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The Saudi dilemma

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Below is crucial analysis for understanding the ideological difficulties faced by Saudi Salafism (Wahhabism) within the context of the Arab Spring. I urge readers to access this article in its entirety before Stratfor re-erects its paywall.

Saudi Arabia and the Muslim Brotherhood: Unexpected Adversaries
Stratfor; Mar. 5, 2012

The Muslim Brotherhood has factored prominently into nearly every case of Arab unrest. The strength of the MB branches varies greatly from country to country, but even after decades of political repression, the MB and its affiliates have been able to maintain the largest and most organized civil society networks. When power vacuums are created in autocratic states, the MB networks are typically best positioned to convert public support for their social services into votes. This dynamic was most clearly illustrated in Egypt, where the Muslim Brotherhood’s political wing emerged as the single-largest party in the parliament. More liberal incarnations of the MB in Tunisia and Morocco also made significant political gains in 2011.

The unrest in Syria represents yet another complication for the Saudi regime. Saudi Arabia is certainly enticed by the prospect of undercutting Iran’s leverage in the Levant, but it also cannot ignore the Syrian Muslim Brotherhood as a powerful force in the opposition movement. The Sunni armed resistance operating under the label of the Free Syrian Army takes care to publicly distance itself from any Islamist ideology in the hopes of attracting Western support, but local anecdotes and the limited polling that has been done by journalists embedded among Sunni protesters has so far revealed strong support for the MB should the political struggle come to a vote.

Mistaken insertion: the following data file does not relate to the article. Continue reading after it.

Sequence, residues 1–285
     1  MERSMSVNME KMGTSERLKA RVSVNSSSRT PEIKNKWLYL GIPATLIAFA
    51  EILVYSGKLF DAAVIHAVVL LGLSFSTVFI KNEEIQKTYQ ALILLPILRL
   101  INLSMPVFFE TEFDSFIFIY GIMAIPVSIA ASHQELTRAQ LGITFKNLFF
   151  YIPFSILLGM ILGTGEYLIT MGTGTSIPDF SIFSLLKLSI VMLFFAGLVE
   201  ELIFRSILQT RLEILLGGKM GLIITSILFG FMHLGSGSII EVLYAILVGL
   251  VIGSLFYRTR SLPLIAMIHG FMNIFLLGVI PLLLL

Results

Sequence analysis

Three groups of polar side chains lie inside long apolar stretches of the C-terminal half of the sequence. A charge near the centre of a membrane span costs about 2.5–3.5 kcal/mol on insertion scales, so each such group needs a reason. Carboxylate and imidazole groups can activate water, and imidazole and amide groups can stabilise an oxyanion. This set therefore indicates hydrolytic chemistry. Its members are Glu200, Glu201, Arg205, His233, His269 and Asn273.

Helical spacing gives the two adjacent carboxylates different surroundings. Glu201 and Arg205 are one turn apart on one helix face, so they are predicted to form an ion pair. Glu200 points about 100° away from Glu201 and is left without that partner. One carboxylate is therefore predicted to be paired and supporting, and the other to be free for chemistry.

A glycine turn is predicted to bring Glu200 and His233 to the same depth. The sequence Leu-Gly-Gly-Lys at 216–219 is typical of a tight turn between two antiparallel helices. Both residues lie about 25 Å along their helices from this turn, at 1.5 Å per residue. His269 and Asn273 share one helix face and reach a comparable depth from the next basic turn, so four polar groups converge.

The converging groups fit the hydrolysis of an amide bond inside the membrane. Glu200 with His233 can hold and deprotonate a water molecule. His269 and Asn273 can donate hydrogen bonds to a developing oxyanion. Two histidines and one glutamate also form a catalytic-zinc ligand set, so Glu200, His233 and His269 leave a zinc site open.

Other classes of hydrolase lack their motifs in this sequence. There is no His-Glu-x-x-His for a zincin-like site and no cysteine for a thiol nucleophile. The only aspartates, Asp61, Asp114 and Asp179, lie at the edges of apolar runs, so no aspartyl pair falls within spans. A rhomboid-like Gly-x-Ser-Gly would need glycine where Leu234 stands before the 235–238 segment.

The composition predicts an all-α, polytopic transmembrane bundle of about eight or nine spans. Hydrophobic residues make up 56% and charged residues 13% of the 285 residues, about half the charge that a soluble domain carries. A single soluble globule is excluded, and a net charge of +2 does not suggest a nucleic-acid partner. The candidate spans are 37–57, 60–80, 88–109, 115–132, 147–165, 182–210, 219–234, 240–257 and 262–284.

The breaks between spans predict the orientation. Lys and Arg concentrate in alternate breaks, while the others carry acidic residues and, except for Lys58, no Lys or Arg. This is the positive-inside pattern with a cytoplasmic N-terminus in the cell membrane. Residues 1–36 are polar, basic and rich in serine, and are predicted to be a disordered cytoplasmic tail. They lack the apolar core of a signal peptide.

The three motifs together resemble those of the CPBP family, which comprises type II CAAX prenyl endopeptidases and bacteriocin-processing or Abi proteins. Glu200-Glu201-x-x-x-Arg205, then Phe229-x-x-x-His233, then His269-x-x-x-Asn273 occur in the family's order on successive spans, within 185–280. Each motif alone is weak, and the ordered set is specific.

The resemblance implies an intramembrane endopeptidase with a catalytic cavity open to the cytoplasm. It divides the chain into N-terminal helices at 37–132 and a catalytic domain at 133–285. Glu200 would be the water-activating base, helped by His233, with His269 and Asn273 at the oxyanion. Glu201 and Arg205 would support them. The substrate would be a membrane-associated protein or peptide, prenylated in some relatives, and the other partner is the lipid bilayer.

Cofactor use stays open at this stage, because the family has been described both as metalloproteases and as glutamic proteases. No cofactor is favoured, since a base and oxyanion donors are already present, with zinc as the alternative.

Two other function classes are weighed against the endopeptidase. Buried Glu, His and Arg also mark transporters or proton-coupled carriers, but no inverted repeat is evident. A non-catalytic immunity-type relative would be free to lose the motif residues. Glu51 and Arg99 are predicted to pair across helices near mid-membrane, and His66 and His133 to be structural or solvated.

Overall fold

Saudi Arabia is thus caught between a geopolitical imperative to contain Iran and a domestic strategic imperative to contain Islamism as a political force. This dilemma has put Saudi Arabia directly at odds with Turkey, the rising regional counterweight to Iran and Saudi Arabia’s co-collaborator in backing the Syrian Sunni opposition against the al Assad regime. Turkey’s own liberal Islamism, shaped by Sufi Islamic culture, Ottoman religious values and Kemalist secularism, is distinct from the MB’s conservative model of Arab Islamism and allows far more room for secularist practices, but the two strands share a basic ideological principle in using Islam as a path toward governance. Whereas Turkey is actively trying to mold the MB in Syria according to its own moderate Islamist vision, Saudi Arabia would like nothing more than to see the MB marginalized in the Syrian opposition.

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Written by M. James

March 5, 2012 at 8:39 pm

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